SK: I have an interest in writing fiction, yes, but that's not to say I'm any good at it. I used to write more often just for myself, for the joy of it, but now it's only something I poke at every few months or so. I haven't had any real time yet to figure out if it's something I'm truly capable of. So, no, I have no plans for a book. I do hope that one day, maybe in another five or 10 years, I'll be able to sit down and properly try my hand. Once I do that I'll better know if publishing fiction is an aspiration.
AVC: Have you gleaned much from Dan Bejar from your time together in Swan Lake?
SK: Dan is a sort of role model for me. Sometimes I think of him when I'm recording. He's one of those few people about whom I wonder if they'd approve. I think everyone has a few people like that in their lives: quiet mentors they keep in the back of their head.
AVC: Would you like to be regarded as a great lyricist like Dan?
SK: His is a standard that I'll probably never meet. Bejar writes poetry, and then somehow sings the stuff. I write lyrics designed to be sung. And whereas I would probably, on some juvenile level, like to be regarded as a great lyricist, I know that I am not. Bejar, on the other hand, is already a great lyricist, and probably couldn't care less about whether or not he is regarded as such. It's a telling difference, I think. Hopefully, I'll bend more in his direction as I get older.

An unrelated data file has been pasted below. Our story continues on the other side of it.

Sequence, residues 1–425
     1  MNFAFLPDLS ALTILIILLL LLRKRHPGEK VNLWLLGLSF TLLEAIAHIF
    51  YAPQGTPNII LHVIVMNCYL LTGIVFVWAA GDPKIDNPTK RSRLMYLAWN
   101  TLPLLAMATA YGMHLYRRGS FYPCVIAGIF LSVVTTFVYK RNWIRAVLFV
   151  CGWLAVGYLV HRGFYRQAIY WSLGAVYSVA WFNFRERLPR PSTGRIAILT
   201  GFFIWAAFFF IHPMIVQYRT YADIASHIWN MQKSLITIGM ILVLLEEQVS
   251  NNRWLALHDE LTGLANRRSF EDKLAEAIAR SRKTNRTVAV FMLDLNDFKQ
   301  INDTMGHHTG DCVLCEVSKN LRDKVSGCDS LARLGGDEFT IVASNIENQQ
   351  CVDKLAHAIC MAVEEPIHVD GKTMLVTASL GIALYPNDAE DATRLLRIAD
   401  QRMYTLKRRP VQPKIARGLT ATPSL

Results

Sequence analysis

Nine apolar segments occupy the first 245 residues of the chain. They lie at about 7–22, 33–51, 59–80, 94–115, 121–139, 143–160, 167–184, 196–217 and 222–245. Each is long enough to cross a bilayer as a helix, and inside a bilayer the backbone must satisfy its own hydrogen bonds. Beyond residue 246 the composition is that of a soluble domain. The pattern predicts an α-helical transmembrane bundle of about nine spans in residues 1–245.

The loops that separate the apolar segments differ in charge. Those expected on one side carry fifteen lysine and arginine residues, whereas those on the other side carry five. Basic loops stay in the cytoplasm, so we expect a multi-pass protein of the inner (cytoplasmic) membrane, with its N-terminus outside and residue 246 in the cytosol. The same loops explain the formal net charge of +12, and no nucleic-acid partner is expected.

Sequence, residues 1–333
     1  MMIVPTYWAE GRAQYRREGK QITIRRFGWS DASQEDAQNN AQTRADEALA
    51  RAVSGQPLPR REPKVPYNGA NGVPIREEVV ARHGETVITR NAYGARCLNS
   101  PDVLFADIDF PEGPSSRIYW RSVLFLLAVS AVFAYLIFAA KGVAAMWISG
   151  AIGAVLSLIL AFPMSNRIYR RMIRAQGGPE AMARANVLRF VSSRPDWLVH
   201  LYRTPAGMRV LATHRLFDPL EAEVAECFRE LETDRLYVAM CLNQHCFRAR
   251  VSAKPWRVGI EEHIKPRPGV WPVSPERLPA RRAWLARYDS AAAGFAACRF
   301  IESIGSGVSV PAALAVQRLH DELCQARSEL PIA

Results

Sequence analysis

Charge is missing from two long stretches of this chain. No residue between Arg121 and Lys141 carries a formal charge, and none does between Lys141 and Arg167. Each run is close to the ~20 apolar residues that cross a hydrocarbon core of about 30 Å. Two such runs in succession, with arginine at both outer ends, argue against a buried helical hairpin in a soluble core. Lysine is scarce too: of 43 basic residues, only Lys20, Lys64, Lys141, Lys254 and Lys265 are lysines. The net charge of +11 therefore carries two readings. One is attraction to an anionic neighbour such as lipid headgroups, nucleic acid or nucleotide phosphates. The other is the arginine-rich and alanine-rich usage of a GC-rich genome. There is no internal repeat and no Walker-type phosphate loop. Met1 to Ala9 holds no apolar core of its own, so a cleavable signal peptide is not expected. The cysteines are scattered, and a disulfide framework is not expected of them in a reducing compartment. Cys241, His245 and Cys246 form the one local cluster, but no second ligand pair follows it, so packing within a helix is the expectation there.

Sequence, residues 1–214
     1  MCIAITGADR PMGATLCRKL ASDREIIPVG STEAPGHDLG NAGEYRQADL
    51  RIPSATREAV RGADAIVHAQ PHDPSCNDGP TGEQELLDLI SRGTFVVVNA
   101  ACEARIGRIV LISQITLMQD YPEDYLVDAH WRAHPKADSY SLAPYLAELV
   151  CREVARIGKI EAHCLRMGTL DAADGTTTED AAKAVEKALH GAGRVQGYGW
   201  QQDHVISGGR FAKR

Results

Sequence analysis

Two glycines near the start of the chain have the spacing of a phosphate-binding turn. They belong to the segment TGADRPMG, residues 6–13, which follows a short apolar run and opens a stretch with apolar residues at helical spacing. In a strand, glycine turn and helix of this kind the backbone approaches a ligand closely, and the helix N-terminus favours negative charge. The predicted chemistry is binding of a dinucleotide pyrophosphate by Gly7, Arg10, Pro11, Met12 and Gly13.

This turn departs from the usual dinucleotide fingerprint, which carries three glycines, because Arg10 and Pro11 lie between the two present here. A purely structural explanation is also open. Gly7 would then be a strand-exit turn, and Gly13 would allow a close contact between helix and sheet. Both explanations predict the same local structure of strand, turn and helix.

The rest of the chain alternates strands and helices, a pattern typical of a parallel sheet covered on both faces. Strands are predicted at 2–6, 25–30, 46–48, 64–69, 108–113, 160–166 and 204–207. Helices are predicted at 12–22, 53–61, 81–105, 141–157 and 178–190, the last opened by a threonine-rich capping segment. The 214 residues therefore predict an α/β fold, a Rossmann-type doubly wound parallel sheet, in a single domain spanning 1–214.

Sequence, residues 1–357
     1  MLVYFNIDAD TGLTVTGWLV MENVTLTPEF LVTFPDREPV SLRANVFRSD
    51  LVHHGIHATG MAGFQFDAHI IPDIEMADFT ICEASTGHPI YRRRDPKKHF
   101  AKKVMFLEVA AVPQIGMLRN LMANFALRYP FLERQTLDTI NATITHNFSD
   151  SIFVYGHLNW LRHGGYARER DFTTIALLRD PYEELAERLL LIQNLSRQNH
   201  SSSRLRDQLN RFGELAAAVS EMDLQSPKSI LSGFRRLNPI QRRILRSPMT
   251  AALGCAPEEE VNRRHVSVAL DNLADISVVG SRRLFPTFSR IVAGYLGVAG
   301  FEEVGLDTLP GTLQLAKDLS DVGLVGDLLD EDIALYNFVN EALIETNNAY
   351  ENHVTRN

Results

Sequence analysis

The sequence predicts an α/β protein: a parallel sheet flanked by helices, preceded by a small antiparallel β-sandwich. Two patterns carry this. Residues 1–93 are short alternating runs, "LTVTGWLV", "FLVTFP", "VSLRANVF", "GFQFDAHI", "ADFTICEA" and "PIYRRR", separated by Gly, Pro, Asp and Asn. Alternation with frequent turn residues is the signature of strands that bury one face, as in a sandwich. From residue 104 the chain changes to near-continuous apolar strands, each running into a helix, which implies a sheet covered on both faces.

AVC: What do you hope is the legacy of Spencer Krug?
SK: When I think of the projects I've been in and the assortment of songs I've put out, I see an image of myself standing on a big pile of random objects. These objects are piled up to make a sort of half-disgusting pedestal. Some of the objects are nice, like shiny toy cars and candle holders and maybe even a pearl or two, some of the objects are neutral, like a kitchen faucet or a half-full bottle of whisky, and some are gross, like fish heads and apple cores and cigar butts. Part of me would love to take away all the apple cores and fish heads, but it's too late. They're there for good. All I can do now is try to think that they are charming. Hopefully others can do the same. That's about the best I could hope for in terms of a legacy.